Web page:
The term "catch" is of special importance here. When TRY/CATCH is used, the exception is not returned to the client. It is "caught" within the scope of the T-SQL that caused it to be thrown.

For an example of TRY/CATCH, consider a divide-by-zero error:

 BEGIN TRY SELECT 1/0 END TRY BEGIN CATCH SELECT 'Error Caught' END CATCH

-----------

(0 row(s) affected)

------------
Error Caught

(1 row(s) affected)

When this batch is run, no exception is reported. Instead, the message "Error Caught" is selected back. Of course, your T-SQL code does not have to send back any kind of specific message in the CATCH block. Any valid T-SQL can be used, so you can log the exception or take action to remedy the situation programmatically, all without reporting it back to the caller.

While merely being able to catch an exception is a great enhancement, T-SQL is also enhanced with new informational functions that can be used within the CATCH block. These functions are: ERROR_MESSAGE(), ERROR_NUMBER(), ERROR_LINE(), ERROR_SEVERITY(), ERROR_STATE() and ERROR_PROCEDURE(). Unlike @@ERROR, the values returned by these functions will not reset after each statement and, as a result, the functions will return consistent values over the entire time a CATCH block is executed. For instance:

 BEGIN TRY SELECT 1/0 END TRY BEGIN CATCH SELECT 'Error Caught' SELECT
ERROR_MESSAGE(), ERROR_NUMBER() END CATCH

-----------

(0 row(s) affected)

------------
Error Caught

(1 row(s) affected)

-------------------------------------------- ---------------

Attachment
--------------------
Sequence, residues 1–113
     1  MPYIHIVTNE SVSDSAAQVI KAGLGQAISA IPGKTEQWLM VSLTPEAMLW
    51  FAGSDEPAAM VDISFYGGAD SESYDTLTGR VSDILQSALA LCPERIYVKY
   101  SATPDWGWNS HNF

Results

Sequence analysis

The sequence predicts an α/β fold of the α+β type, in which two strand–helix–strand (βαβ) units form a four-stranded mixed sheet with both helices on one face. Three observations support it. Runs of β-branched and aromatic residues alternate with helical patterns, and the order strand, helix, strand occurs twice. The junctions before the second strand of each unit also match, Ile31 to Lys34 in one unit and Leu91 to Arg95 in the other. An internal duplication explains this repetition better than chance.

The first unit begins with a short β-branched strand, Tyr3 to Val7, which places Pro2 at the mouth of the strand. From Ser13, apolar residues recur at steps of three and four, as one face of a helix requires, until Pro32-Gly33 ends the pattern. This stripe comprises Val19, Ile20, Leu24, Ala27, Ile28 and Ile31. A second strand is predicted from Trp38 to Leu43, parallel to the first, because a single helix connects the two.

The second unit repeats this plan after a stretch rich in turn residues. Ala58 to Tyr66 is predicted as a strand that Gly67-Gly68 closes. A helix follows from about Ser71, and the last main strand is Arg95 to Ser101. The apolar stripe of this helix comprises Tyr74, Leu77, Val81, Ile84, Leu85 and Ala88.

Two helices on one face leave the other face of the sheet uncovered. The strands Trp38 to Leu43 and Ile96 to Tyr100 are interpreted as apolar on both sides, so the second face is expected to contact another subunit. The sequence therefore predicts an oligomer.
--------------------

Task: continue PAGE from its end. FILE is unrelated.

Divide by zero error encountered. 8134

(1 row(s) affected)

In this example, the ERROR_MESSAGE() and ERROR_NUMBER() functions return the correct values, even though a SELECT occurred between the exception and evaluation of the functions -- quite an improvement over @@ERROR!
 
How to handle transactions

Error control is important in database programming because it gives you the ability to roll back transactions in response to problems. By default, SQL Server typically does not stop transactions due to exceptions, which can result in invalid data. Consider the following batch:

 CREATE TABLE Funds ( Amount INT CHECK (Amount > 0) ) BEGIN TRANSACTION
INSERT Funds VALUES (10) INSERT Funds VALUES (-1) COMMIT TRANSACTION
SELECT * FROM Funds

(1 row(s) affected)
Msg 547, Level 16, State 0, Line 9
The INSERT statement conflicted with the CHECK constraint "CK__Funds__Amount__67A95F59". The conflict occurred in database "master", table "dbo.Funds", column 'Amount'.
The statement has been terminated.
Amount
-----------
10

(1 row(s) affected)

In this case, a table called Funds is created, which includes a CHECK constraint on the Amount column to ensure that amounts are greater than 0. Once the table is created, a transaction starts. This implies that INSERTs will be atomic -- all values or no values should be inserted. However, even though an exception occurs due to violation of the CHECK constraint, the transaction is committed and one of the values remains in the table.

Implementing TRY/CATCH in this situation solves the problem outright:

 BEGIN TRY BEGIN TRANSACTION INSERT Funds VALUES (10) INSERT Funds VALUES
(-1) COMMIT TRANSACTION END TRY BEGIN CATCH ROLLBACK END CATCH